The assistant state attorney who presented and encouraged false testimony during a 2022 battery case cannot practice law for a period of two years. Assistant State Attorney Bryon Aven, pleaded guilty to the charges several weeks ago during a plea agreement reached with the Florida Bar, but the Florida Supreme Court had to uphold the plea agreement.
So, what happens now?
"A two-year suspension from the practice of law is severe and rarely imposed. Aven has 30 days to wrap his legal work unless he files a Motion for Rehearing, which is highly unlikely since The Florida Supreme Court accepted his Conditional Guilty Plea for Consent Judgment," said Melbourne attorney Doug Beam, who has defended attorneys facing charges from the Florida Bar and who regularly handles ethics cases.
Though that 30-day period ends Oct. 14, Aven submitted his resignation effective Oct. 2, according to a spokesperson with the State Attorney's Office.
During the 2022 battery trial, Aven knowingly presented false information that contradicted a surveillance video he admitted into evidence but did not "publish," meaning show it to the jury. The judge ordered the video to be played without the jury present, then held a hearing for a motion to mistrial when he discovered the contents.
During the mistrial hearing, Aven took the stand and denied any wrongdoing and refused to concede there was false testimony. It was only after his second chair, prosecutor Chris Cusmano, told the State Attorney Office's Division Chief Bill Respess and Aven that his own testimony was going to be different that Aven went back on the stand and admitted wrongdoing.
Cusmano, now running for State Attorney, said he was shocked at Aven's actions. He resigned from the office when State Attorney Phil Archer refused to fire Aven. Archer is not seeking reelection.
Aven's actions sent ripples throughout Brevard County's legal system.
"I find this situation incredibly frustrating on two fronts," said Melbourne defense attorney Scott Robinson. "First, prosecutors hold immense power within our legal system, and any abuse of that power is deeply concerning. Second and more importantly, the fact that this misconduct occurred in a seemingly minor case raises questions about whether such actions were normal or routine."
Aven was previously reprimanded by the Florida Bar in 2021 for actions while running for judge in the 5th Judicial Circuit. The Florida Supreme Court's reprimand order contained two dissenting opinions. Justices Charles Canady and Jorge Labarga both wrote that Aven deserved more than just a reprimand.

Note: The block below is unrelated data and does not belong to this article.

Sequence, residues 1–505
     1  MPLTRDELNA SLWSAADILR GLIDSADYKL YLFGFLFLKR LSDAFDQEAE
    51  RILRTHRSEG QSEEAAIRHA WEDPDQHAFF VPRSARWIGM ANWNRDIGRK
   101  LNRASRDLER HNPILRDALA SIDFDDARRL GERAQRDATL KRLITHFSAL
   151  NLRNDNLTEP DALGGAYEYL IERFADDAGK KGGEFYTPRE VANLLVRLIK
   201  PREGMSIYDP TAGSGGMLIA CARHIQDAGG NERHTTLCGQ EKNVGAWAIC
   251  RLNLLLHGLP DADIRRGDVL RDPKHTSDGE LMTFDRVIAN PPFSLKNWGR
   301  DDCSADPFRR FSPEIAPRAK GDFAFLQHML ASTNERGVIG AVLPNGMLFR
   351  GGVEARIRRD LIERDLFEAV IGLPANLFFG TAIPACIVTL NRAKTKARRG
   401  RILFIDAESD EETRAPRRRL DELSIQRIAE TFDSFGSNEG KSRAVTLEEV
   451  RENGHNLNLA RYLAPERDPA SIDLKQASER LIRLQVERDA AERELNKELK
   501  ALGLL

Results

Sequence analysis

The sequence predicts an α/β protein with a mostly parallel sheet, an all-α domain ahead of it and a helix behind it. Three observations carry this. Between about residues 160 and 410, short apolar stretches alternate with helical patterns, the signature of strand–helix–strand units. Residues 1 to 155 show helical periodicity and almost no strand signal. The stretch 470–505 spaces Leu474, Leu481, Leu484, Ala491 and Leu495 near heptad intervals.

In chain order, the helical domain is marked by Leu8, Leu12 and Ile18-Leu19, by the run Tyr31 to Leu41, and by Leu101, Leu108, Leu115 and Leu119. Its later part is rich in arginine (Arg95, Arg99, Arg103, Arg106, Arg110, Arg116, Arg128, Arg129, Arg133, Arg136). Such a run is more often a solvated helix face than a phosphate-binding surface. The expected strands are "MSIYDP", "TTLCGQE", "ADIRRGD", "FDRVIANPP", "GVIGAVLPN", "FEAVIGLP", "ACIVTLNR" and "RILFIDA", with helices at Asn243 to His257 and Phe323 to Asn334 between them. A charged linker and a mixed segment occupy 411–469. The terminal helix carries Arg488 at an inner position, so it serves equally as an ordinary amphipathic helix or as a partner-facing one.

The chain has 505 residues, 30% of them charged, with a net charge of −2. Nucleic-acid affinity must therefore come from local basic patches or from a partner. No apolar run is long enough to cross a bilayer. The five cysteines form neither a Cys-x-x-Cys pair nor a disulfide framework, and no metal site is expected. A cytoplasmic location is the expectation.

A few months later, Aven lost his job with the State Attorney's office in the 5th Judicial Circuit for his handling of cases and absenteeism. Assistant State Attorney Walter Forgie of the 5th Circuit said the parting of ways was for "a pattern of behavior that fell short of the expectations.”
It's fascinating then that Brevard County State Attorney Phil Archer would think it a good idea to hire Aven and keep him on even after the misconduct came to light. He was removed from the courtroom and assigned to the intake division, where he decided what cases that occur in the Titusville area go forward for prosecution.
Attorney Daniel Martinez, who was the defense attorney in the case that ended in prosecutorial misconduct, said it was a mistake for the State Attorney to keep Aven employed after the misconduct.
"Allowing any assistant state attorney to continue to prosecute cases or file charges following the finding of prosecutorial misconduct is problematic and erodes the public’s trust in our criminal justice system," Martinez said. "I am confident that the Brevard County State Attorney’s Office will ultimately make the right call."
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Beam thinks Aven is very lucky the latest punishment wasn't harsher.
"Aven may have salvaged his legal career by the plea deal," Beam said. "The prior misconduct on his record coupled with this latest case could have led to disbarment. A two-year suspension is a positive outcome for Aven given the alternatives."
There had been speculation in the legal community that Aven would continue working for the State Attorney's Office in a non-lawyer role while he serves out his suspension, which did not sit well with many attorneys.
"The fact that Mr. Aven has been suspended by the Florida Supreme Court suggests that he should not be allowed to work in any job that is related to law," said defense attorney Steve Casanova.
Added attorney Jessica Travis: "The Office of the State Attorney represents the people and should seek justice with transparency and integrity. How can the people be assured that our judicial system is fair when the Office employs unethical prosecutors? Let’s hope the next elected State Attorney will only employ attorneys who seek justice, not wins at all cost."
The State Attorney's Office has not clarified Aven's job status as of Wednesday afternoon.
According to Beam, getting reinstated after the two-year suspension is not automatic.
"Getting back to the practice of law is no piece of cake," Beam said. "Aven will have to prove to The Florida Bar that he is fit to practice law after the two-year suspension. If Aven should misstep while suspended, The Florida Supreme Court can disbar him."
This article originally appeared on Florida Today: Prosecutor who presented false evidence gets two year suspension